The Monk walks through the square, complaining that he’s still looking for Roxane’s home. He greets Cyrano, and then Roxane, Christian, and Ragueneau emerge from Roxane’s house. Roxane asks what’s going on, and the Monk explains that he’s come to deliver a letter from the Count de Guiche to Roxane. Roxane snatches the letter from the Monk’s hand and opens it. In the letter, which Roxane reads quietly to herself so that the Monk cannot hear, the Count explains to Roxane that he intends to visit her, disguised by a mask, that very night.
The Count de Guiche comes across as a less impressive version of Cyrano. Like Cyrano, he’s infatuated with Roxane and has some talent for deception and intrigue, but whereas Cyrano is both a more talented trickster and a more selfless human being (willing to sacrifice his happiness for Christian’s sake), de Guiche proves himself to be a selfish man and a fairly unoriginal deceiver.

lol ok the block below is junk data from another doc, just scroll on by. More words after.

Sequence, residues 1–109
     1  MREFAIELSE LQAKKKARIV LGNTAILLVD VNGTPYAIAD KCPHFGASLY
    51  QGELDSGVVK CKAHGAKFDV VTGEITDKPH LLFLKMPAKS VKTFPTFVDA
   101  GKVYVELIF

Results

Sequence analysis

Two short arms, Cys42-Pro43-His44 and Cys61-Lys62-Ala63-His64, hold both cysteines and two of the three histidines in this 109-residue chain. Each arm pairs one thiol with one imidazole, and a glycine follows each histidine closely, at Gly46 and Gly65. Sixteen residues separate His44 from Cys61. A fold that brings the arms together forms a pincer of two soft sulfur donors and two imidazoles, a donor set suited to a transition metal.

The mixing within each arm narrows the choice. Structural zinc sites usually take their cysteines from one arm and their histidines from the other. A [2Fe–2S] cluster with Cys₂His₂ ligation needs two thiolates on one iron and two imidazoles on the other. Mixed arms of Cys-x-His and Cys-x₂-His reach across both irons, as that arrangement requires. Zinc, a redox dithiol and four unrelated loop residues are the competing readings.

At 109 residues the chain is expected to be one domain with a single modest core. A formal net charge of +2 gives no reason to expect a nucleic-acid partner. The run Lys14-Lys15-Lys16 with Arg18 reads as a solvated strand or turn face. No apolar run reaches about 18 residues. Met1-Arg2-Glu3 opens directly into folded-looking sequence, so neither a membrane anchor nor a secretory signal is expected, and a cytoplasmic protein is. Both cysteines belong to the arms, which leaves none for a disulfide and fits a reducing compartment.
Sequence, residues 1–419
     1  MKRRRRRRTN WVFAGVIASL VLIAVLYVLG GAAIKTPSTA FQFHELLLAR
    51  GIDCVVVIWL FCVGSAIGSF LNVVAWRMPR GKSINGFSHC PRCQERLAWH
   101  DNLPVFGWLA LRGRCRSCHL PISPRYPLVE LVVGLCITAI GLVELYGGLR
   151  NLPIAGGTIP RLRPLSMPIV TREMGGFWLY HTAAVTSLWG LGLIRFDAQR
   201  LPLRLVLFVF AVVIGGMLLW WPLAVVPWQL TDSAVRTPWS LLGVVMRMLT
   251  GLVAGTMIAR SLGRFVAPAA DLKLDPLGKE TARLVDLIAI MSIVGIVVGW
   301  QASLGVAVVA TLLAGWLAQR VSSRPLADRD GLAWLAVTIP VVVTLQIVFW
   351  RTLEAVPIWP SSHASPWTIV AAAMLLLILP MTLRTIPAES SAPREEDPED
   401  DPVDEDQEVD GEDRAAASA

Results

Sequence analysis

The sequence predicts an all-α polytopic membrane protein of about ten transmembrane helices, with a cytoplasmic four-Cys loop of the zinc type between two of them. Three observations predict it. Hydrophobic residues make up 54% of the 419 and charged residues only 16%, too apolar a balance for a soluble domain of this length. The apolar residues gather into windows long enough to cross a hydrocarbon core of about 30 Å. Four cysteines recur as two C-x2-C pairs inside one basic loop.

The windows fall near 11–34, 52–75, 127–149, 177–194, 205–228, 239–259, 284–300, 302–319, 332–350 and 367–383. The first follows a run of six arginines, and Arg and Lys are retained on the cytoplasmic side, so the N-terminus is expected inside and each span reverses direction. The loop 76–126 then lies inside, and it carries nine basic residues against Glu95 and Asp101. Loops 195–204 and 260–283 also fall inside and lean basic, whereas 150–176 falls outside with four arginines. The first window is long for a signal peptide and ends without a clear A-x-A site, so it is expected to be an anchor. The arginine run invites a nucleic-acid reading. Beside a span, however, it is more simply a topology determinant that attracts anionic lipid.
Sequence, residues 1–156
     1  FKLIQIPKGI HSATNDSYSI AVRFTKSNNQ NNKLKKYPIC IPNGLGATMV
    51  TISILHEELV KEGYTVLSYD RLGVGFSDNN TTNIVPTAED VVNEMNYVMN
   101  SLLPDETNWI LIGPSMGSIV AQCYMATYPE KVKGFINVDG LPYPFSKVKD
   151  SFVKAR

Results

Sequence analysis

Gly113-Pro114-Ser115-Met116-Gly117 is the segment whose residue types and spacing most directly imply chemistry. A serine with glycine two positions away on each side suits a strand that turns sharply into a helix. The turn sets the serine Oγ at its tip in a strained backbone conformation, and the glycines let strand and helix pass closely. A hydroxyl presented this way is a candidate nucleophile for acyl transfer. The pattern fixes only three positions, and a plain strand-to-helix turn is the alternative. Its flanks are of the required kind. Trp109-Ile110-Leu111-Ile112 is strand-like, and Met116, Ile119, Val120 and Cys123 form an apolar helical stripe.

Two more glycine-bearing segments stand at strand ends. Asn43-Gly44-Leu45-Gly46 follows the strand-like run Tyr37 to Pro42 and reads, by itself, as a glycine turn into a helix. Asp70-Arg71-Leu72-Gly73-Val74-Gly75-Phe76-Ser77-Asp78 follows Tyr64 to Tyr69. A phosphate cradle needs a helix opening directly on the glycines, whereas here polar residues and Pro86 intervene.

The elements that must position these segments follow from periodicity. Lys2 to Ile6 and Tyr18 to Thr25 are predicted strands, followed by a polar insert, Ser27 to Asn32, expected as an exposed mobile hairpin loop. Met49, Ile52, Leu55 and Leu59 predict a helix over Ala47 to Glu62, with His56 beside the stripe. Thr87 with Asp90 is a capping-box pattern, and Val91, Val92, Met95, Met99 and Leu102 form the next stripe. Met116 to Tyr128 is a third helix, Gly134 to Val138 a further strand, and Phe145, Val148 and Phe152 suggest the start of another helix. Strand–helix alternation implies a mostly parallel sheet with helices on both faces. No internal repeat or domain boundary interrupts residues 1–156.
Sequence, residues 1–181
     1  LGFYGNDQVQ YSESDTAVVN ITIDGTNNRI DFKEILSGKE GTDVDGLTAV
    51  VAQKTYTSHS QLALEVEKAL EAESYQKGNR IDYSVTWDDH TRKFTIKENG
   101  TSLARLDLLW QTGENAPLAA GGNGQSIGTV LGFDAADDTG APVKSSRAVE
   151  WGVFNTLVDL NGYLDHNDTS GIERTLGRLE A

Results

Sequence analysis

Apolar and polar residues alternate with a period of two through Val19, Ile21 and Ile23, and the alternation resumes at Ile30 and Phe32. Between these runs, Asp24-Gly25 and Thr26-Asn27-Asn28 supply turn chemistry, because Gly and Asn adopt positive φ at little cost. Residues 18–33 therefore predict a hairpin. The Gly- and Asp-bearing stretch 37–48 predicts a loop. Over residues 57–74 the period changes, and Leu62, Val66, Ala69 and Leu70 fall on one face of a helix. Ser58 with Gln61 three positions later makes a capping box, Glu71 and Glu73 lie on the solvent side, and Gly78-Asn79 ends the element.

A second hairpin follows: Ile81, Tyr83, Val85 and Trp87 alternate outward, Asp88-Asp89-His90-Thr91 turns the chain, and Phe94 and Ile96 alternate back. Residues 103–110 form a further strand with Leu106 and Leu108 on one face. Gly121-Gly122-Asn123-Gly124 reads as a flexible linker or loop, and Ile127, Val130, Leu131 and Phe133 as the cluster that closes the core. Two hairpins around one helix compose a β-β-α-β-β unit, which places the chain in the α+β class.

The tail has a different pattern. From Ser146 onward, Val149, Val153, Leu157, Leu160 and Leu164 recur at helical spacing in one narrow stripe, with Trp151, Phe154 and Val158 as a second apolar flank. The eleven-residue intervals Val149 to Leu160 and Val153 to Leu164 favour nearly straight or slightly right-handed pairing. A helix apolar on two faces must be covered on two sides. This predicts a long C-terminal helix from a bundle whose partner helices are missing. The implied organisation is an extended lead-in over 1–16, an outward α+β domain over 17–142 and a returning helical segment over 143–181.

Roxane reads aloud a different version of the letter, so that the Monk can hear her. Roxane claims the letter says that the Count de Guiche wants the Monk to marry Roxane to Christian on the spot. Roxane rushes the Monk and Christian inside her house so that they can be married at once. Roxane tells Cyrano to keep watch outside, since she now knows the Count will be visiting her that night.
For one of the first times in the play, we get a sense for Roxane’s own ingenuity and quick thinking. Like Cyrano, she uses her wit to get what she wants, here manipulating the gullible Monk into marrying her to Christian immediately. This reinforces the idea that Roxane probably leans more towards Cyrano’s part of her fictional “Christian.”
Cyrano stands outside, frustrated by Roxane and Christian’s marriage. Then he hears sad music playing—there is a man coming. Cyrano climbs up a nearby tree, ready to jump down at the right time.
Cyrano, in spite of his frustration, is always a fundamentally loyal and honorable man, and here he keeps guard over his beloved’s home—doing nothing while she marries another man.